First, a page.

The command line interface is a throwback to a more basic age of computing. Before mouse pointers and application windows and desktop wallpaper, you would interact with your computer through simple text commands typed into the command line. It was more rudimentary, but it had an appealing simplicity to it.
Nowadays we launch programs with a double-click of an icon rather than a string of text, but the command line lives on. It’s called Command Prompt (or the Windows Command Processor) in Windows, and takes the form of Terminal in macOS. Windows also has a slightly more powerful version of Command Prompt called PowerShell.
In Windows, just typing “cmd” into the taskbar search box and hitting Enter launches Command Prompt, but for some of these commands you need administrator privileges. To get them, launch Task Manager with Ctrl+Shift+Esc, then choose File and Run new task. Enter “cmd” in the box, make sure admin privileges are ticked, and click OK. Use the “| more” flag after any command to see the results a page at a time (that’s the pipe character at the start, or append “c:\export.txt” to send the output to a text file, then change its name and location as you like.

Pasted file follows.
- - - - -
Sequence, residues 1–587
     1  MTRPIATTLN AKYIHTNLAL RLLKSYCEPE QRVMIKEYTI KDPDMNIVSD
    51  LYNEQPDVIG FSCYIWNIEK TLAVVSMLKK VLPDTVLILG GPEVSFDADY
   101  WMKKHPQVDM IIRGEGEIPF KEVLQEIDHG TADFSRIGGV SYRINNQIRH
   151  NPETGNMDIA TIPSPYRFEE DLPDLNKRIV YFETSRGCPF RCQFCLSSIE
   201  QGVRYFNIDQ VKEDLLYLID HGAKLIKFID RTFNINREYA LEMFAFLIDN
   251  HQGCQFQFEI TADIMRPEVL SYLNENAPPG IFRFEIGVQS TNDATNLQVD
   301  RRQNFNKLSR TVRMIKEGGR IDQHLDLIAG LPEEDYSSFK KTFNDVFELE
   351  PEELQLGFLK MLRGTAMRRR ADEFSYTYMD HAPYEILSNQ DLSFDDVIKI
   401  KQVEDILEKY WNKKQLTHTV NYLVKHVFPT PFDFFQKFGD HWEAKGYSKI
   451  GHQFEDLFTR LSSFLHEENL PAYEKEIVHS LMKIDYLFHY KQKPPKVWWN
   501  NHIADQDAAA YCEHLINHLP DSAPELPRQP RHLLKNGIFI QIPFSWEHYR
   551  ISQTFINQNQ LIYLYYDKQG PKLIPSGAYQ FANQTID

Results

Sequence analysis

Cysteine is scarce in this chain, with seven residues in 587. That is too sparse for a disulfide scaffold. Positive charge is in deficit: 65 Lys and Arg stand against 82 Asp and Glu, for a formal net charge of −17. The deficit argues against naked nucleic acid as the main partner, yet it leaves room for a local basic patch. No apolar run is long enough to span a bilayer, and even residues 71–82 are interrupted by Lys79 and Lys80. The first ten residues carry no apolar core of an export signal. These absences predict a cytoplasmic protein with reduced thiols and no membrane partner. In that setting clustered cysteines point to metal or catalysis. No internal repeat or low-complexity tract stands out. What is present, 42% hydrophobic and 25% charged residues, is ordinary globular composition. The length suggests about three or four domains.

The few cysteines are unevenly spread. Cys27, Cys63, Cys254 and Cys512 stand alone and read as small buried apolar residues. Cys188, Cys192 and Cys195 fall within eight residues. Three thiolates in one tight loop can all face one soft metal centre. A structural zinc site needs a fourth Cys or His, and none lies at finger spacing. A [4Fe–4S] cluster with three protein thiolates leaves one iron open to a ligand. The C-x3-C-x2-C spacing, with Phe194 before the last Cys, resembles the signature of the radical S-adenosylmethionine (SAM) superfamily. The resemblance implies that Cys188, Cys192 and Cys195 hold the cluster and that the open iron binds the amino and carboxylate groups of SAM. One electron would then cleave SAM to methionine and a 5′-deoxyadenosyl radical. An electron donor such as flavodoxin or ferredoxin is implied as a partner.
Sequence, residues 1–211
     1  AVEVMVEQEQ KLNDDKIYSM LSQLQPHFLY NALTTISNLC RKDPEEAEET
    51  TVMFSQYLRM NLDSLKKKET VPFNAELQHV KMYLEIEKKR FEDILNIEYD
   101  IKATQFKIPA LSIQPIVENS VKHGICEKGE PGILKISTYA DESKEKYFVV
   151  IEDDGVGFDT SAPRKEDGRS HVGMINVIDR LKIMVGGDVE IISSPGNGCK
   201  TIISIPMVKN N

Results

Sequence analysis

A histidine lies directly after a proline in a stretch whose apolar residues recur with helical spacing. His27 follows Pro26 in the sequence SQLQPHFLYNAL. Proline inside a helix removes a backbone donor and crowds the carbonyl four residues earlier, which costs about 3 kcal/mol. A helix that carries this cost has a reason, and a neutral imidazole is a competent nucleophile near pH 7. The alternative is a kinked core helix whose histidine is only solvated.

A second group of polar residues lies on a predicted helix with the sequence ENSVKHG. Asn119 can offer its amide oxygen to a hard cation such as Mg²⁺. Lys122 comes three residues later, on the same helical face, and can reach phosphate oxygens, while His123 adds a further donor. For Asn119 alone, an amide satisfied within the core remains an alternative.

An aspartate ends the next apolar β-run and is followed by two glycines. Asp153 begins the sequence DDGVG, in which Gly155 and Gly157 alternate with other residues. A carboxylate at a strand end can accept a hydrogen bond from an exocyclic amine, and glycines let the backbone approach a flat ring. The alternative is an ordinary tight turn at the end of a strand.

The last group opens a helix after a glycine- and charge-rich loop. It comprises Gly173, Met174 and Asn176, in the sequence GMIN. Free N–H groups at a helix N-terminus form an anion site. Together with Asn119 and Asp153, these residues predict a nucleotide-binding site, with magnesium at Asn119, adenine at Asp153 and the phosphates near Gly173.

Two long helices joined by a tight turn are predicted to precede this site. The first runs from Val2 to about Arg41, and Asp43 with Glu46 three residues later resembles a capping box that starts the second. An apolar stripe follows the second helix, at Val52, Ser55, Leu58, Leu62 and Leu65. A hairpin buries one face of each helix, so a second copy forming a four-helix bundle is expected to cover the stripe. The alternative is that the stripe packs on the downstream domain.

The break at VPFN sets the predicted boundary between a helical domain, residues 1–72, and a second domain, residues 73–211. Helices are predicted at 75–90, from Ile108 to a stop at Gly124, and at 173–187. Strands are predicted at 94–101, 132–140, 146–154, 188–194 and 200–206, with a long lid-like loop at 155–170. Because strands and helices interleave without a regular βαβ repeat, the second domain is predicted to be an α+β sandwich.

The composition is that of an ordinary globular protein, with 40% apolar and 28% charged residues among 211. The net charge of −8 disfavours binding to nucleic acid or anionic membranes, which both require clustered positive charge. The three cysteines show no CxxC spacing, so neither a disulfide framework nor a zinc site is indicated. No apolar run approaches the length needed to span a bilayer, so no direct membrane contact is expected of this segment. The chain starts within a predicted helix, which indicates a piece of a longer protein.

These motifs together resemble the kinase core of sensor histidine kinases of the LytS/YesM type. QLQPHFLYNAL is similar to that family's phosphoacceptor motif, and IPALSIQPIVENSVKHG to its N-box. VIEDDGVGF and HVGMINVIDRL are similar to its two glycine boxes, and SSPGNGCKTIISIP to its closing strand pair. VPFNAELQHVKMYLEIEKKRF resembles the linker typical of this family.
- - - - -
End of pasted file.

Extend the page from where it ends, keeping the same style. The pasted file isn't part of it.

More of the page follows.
To launch the Terminal in macOS, open up Spotlight with Cmd+Space and then type “Terminal” until it appears on screen—select it, hit Enter, and you’re in. As with Windows, use “| more” at the end of your commands to go a page at a time through the results or responses, or “> export.txt” to save the results in a text file in the current directory (it defaults to the current user’s directory).
Let’s get started.